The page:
Last week, Shavano Park Senior Living Center partnered with M.U.S.I.C. Project, the Alzheimer’s Association and several corporate sponsors to offer a screening of the 2014 award-winning documentary, Alive Inside.
The film follows social worker, Dan Cohen, and his organization, Music and Memory, as he repeatedly demonstrates the power of music in awakening dementia and Alzheimer’s patients. On November 18, 2011 Music and Memory posted a clip on their YouTube channel showing the miraculous responsiveness and alertness generated in Alzehiemer’s patient, Henry. Shortly thereafter the video went viral on Reddit.
Dr. Sacks, who narrates the clip, references a quote by Kant, “music is the quickening art,” and explains that Henry’s animated state results from a temporary restoration of himself catalyzed by remembering his identity. Amazingly, this change is brought about by a playlist of songs that were emotionally laden for Henry and were all contained on an iPod for him to listen to at his leisure. Additional research is cited whereby the importance of music that has meaning for the individual is emphasized because it must be correlated with memory and feeling to be effective. Later in the film Dr. Connie Tomaino explains, “by exciting those pathways we have a gateway to reach someone who otherwise is unreachable.”
Particularly appalling is the current standard of care in nursing homes where seniors are often dispensed antipsychotic and mood altering medications in order to treat their behavioral and emotional problems that likely result from long periods of idleness and extreme solitude. The M.U.S.I.C. Project website offers some unpleasant statistics: 90% of nursing home residents’ time is spent being idle and only half of them have visitors. It is no wonder that many nursing home patients turn inward for comfort and begin to deteriorate. The film calls for a revisiting of our relationship with our elders who, despite what we are told, are very often still capable and who have wisdom to share with us.
At the end of the screening, the audience was visibly moved by the touching stories. Emcee, Helen Flores from Caring Companions, cheerily reminded them of the purpose of the evening and then offered up the names of the winners of the prizes from the evening’s raffle. After a brief Q&A, people lined up to talk to the organizers of the event and gathered round in discussions with each other. It was heartwarming and motivating to see the community meet for such a noble cause. Several attendees even offered large bills for small tickets and told the organizers to keep the change. A total of $3900 was raised and will be equally split between the M.U.S.I.C. Project and the Alzheimer's Association for the implementation of iPod's in nursing homes, the vision of Dan Cohen's Music and Memory organization.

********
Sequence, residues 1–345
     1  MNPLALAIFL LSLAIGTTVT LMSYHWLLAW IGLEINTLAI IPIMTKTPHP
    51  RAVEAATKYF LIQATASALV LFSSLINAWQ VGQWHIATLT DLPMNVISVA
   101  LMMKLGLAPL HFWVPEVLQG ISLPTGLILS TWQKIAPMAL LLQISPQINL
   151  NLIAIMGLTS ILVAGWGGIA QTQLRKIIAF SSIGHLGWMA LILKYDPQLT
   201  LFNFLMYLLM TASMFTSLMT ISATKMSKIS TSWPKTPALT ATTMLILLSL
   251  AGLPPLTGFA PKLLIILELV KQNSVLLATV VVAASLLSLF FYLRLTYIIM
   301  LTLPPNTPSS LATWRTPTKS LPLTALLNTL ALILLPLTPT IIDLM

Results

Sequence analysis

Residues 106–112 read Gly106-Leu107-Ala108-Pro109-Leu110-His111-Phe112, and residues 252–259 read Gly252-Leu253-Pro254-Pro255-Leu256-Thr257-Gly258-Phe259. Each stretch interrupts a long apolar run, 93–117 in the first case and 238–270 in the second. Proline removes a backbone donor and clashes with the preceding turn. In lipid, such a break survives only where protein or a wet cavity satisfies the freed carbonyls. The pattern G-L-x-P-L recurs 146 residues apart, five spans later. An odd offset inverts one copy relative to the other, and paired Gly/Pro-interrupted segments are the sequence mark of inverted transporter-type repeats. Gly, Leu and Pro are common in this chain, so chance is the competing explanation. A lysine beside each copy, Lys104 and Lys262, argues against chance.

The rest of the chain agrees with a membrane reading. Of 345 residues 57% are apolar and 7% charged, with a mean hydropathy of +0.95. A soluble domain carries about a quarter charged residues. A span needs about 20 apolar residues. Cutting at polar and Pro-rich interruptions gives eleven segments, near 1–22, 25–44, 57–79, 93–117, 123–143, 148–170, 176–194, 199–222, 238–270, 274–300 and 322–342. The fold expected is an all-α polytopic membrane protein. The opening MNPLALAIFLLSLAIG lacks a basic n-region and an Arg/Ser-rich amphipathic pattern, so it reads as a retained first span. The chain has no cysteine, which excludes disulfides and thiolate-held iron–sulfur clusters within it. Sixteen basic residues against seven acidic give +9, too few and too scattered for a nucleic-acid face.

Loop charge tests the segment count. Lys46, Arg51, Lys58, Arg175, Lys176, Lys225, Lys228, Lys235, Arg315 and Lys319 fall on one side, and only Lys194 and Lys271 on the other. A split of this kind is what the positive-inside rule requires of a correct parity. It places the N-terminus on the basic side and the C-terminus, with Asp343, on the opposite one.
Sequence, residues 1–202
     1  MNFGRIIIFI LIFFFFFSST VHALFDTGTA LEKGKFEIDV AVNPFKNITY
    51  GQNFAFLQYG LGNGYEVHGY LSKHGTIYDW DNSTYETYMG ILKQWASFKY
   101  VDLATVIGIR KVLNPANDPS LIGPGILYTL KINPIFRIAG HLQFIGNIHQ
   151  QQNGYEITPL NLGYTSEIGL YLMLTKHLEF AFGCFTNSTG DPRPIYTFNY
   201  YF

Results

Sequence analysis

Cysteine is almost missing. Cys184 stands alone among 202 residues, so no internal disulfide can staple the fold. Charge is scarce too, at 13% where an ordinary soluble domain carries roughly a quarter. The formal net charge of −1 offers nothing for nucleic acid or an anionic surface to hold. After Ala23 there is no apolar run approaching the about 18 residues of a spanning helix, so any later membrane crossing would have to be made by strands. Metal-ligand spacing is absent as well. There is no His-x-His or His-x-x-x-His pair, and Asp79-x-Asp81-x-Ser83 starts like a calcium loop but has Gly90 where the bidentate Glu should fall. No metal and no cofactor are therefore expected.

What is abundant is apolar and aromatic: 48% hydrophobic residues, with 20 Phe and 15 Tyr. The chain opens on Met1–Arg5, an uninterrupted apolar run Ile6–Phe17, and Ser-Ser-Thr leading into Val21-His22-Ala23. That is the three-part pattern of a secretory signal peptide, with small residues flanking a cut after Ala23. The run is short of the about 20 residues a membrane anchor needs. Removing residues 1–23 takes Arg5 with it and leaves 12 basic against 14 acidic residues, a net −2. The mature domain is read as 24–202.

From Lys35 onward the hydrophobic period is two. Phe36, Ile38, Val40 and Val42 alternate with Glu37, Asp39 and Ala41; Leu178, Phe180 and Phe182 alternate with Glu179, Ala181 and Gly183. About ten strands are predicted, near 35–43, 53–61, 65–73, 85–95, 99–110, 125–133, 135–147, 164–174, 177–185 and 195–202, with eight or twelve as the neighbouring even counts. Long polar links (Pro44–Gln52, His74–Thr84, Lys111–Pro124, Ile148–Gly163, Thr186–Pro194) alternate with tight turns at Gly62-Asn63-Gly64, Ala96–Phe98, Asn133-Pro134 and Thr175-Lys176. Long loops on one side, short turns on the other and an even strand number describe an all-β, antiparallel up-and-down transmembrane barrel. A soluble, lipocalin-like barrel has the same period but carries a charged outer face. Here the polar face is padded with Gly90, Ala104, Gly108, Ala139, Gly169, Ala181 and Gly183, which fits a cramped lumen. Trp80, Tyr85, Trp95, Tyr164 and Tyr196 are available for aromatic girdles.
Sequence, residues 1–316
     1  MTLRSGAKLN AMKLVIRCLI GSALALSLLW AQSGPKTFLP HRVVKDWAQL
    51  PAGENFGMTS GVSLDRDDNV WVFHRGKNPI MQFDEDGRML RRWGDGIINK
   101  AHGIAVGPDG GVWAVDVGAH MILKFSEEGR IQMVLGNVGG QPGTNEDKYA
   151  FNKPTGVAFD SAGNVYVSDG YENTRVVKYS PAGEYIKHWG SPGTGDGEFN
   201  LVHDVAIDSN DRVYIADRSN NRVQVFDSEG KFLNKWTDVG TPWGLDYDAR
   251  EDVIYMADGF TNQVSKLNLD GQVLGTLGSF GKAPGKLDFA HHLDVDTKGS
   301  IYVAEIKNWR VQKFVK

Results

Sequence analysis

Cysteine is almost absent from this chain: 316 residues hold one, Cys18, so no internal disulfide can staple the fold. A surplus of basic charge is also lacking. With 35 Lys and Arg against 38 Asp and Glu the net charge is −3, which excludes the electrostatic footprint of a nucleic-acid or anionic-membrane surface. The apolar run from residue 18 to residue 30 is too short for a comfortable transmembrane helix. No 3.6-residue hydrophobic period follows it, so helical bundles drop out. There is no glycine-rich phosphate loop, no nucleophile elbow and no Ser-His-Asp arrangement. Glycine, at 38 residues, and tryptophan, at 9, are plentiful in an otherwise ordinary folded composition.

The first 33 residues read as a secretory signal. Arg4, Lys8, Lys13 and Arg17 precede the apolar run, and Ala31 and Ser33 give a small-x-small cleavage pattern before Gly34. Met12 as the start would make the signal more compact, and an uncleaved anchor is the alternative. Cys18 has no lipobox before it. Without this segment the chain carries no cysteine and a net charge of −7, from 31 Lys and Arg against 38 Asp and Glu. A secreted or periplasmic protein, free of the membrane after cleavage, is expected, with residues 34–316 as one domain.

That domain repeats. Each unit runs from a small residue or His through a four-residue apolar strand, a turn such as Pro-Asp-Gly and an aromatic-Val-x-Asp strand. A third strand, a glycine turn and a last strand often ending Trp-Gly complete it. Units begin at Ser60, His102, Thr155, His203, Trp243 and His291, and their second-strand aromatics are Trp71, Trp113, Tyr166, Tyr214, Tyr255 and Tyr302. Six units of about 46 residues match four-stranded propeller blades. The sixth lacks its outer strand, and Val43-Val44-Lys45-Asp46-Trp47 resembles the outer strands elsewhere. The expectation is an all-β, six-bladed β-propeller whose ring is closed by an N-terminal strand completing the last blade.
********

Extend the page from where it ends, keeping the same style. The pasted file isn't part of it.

Tim and Candyce Slusher created the M.U.S.I.C. Project along with president and bassist from Pop Pistol, George Garza, with a shared interest of bringing music to the community. Candyce, a nurse with many years of experience in caring for the elderly, will be working with the Texas Department of Aging and Disability Services in order to oversee the implementation of the Music and Memory project at two local nursing homes, Stone Brook Manor in October and Oak Park in November.
This collaboration of non-profits, state and local organizations in an effort to improve the quality of life for the elderly is a real testament to the power of the arts, how things can change, and how we can build better communities. If you would like to donate, get more information or get involved you can contact M.U.S.I.C. Project here for more information.
Please join M.U.S.I.C. Project and the Alzheimer's Association for the Walk To End Alzheimer's and iPod Drive for the Music and Memory program this Saturday. The walk starts at The Park at River City Community Church 16765 Lookout Rd. San Antonio, TX 78154 - September 19, 2015 at 7:30 am.